Furnished apartments remain furnished, so try not to have this conversation; The landlord probably has nowhere else to store his belongings.

Drivers should check if the property comes with a parking space and whether it is covered by the lease.

Specific advice for ex-pats

The market is moving fast, and qualities that anyone can find on the sign and pay for first, regardless of the promises to keep them for other audiences. Reservation fees are not illegal, but there are very few points for them. You may need to decide within 24 hours of watching, and anything you can see more or less will likely be snatched away from someone else. If you are not already resident in the area, it is unlikely that you will be able to stay safe somewhere. There is no point in seeing before coming to your country.

Foreign nationals who have resided for more than three months must have a residence permit, and be registered with an Estonian ID. Landlords will have to pay a higher tax for registered foreign tenants, so they can reject the offers. To avoid wasting anyone’s time, state directly that you are not local, and that you are registering yourself, or that you are already registered. It is your responsibility to see that your tenancy has been added to the population register.

The number of rooms given in the property description refers to the bedroom and living room. Confirm in advance that your flat has a separate toilet and kitchen facility – the flats are still without advertisements, although kitchen facilities can at least be purchased separately. Many apartment buildings have laundry facilities and are considered completely normal.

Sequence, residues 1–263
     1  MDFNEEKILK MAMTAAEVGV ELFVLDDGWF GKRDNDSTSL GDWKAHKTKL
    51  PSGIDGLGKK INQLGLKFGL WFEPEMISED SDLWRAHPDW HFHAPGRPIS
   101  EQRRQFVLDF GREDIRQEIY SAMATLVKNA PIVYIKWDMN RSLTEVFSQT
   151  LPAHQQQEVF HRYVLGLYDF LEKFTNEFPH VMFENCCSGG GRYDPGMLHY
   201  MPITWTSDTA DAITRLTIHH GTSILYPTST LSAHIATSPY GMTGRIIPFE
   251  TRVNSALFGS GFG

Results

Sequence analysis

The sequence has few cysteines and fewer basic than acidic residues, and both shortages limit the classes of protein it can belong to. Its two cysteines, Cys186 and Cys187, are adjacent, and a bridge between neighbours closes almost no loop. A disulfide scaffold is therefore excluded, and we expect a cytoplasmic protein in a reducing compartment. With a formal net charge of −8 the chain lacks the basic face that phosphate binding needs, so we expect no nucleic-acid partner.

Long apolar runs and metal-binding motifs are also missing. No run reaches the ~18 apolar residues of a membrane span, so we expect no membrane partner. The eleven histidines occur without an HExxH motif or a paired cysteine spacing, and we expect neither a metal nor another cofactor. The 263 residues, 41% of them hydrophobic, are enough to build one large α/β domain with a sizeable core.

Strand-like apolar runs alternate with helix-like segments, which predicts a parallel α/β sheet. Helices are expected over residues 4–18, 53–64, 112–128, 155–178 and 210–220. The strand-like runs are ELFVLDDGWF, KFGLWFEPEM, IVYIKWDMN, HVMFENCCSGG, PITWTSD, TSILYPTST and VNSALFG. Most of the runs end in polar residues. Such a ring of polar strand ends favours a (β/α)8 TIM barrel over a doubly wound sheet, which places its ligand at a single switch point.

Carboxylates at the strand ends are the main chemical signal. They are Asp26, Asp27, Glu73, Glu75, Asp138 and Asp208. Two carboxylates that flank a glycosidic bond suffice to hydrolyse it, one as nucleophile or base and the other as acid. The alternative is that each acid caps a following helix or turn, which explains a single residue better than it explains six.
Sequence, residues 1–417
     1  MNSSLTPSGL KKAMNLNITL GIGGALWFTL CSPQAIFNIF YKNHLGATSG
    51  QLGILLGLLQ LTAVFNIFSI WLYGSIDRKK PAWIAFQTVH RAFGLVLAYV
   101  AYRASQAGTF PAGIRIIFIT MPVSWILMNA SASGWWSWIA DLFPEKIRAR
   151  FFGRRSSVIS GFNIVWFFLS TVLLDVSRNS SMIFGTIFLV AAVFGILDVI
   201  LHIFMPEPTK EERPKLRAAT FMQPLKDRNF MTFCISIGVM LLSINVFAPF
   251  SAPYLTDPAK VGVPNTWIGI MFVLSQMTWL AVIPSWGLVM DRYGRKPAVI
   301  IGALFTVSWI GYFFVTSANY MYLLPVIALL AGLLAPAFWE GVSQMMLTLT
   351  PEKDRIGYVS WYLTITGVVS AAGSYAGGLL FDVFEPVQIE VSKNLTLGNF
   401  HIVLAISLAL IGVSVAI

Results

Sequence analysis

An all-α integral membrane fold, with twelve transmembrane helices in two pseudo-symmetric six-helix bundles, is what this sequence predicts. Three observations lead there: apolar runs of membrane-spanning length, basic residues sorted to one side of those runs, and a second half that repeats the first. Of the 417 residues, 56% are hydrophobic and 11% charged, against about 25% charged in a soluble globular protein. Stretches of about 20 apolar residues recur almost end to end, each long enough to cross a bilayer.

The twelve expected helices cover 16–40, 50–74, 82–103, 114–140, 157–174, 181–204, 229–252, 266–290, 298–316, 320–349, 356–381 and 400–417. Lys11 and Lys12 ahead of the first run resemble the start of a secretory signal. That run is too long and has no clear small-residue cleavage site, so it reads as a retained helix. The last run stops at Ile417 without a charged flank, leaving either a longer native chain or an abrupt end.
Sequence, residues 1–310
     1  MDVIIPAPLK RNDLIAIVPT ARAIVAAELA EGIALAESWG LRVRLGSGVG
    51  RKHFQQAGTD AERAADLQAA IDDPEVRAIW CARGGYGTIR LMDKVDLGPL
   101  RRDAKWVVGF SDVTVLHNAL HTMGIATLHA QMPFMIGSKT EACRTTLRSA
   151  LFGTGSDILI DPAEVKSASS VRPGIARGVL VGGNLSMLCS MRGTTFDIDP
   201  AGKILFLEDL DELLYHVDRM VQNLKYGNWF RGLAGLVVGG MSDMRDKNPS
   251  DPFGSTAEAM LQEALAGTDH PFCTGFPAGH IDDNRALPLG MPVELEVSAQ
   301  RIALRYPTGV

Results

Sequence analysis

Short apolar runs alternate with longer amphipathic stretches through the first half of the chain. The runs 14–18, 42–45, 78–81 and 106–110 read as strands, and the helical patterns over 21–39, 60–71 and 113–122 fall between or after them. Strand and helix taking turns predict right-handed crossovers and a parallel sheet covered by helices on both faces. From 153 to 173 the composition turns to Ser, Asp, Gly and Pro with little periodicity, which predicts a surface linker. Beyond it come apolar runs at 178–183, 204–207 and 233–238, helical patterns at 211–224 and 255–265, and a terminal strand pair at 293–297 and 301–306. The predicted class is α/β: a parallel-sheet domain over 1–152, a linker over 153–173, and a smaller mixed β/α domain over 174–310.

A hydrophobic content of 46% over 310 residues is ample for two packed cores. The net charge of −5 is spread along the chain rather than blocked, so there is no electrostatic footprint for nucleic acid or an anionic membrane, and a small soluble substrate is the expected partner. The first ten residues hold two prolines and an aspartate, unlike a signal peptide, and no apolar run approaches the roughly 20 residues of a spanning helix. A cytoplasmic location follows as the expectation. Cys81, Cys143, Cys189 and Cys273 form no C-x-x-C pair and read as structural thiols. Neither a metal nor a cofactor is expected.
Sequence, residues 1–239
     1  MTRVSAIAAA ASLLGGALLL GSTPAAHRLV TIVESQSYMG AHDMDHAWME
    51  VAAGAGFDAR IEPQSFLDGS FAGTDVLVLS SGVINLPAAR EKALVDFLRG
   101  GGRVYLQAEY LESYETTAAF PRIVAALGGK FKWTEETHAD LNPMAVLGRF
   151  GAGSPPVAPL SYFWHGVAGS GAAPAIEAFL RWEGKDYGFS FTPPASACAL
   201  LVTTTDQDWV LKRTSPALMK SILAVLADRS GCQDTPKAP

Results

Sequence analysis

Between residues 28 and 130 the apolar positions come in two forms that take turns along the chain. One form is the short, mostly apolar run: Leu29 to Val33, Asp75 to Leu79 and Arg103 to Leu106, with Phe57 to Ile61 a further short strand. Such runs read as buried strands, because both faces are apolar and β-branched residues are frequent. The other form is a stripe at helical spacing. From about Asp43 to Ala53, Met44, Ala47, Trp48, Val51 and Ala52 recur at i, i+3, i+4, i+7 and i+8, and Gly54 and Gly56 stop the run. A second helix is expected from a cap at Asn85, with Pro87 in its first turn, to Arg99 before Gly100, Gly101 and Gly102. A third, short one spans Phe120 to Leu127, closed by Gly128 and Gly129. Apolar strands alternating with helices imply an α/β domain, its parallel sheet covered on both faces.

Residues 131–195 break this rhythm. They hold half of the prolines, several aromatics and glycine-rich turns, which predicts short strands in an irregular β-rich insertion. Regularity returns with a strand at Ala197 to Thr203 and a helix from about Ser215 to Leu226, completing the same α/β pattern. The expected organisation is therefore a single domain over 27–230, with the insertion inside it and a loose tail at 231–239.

Your lease should determine the payment for utilities. Some may be included in your rent, but you need to pay them separately. You will need to sign your internet contract as a tenant, which will almost certainly require you to be registered with an Estonian ID.

Estonian properties have a wide range of heating systems, for example, they may have: wood stoves, electricity, gas, or central heating for the entire block. Check which applies to your property. If you are paying for your heating, keep in mind the extremes of Estonian weather when making a budget. Bills can go from € 80 in summer to € 180 in winter. Ask to see the previous bill and how much you will have to pay.